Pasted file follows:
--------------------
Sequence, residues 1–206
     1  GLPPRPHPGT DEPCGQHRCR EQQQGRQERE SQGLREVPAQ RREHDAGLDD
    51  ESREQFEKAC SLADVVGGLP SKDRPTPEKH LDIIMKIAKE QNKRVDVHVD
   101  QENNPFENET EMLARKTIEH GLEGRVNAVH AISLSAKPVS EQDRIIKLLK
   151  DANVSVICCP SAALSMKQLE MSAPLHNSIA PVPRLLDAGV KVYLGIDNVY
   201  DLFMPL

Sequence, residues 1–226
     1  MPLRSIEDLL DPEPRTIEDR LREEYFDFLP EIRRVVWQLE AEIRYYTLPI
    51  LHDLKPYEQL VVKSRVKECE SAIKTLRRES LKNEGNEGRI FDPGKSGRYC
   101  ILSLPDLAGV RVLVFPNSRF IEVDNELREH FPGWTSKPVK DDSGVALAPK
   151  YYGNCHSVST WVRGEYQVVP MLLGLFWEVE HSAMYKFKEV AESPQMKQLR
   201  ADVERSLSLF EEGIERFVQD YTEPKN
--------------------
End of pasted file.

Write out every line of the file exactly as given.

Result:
Sequence, residues 1–206
     1  GLPPRPHPGT DEPCGQHRCR EQQQGRQERE SQGLREVPAQ RREHDAGLDD
    51  ESREQFEKAC SLADVVGGLP SKDRPTPEKH LDIIMKIAKE QNKRVDVHVD
   101  QENNPFENET EMLARKTIEH GLEGRVNAVH AISLSAKPVS EQDRIIKLLK
   151  DANVSVICCP SAALSMKQLE MSAPLHNSIA PVPRLLDAGV KVYLGIDNVY
   201  DLFMPL

Sequence, residues 1–226
     1  MPLRSIEDLL DPEPRTIEDR LREEYFDFLP EIRRVVWQLE AEIRYYTLPI
    51  LHDLKPYEQL VVKSRVKECE SAIKTLRRES LKNEGNEGRI FDPGKSGRYC
   101  ILSLPDLAGV RVLVFPNSRF IEVDNELREH FPGWTSKPVK DDSGVALAPK
   151  YYGNCHSVST WVRGEYQVVP MLLGLFWEVE HSAMYKFKEV AESPQMKQLR
   201  ADVERSLSLF EEGIERFVQD YTEPKN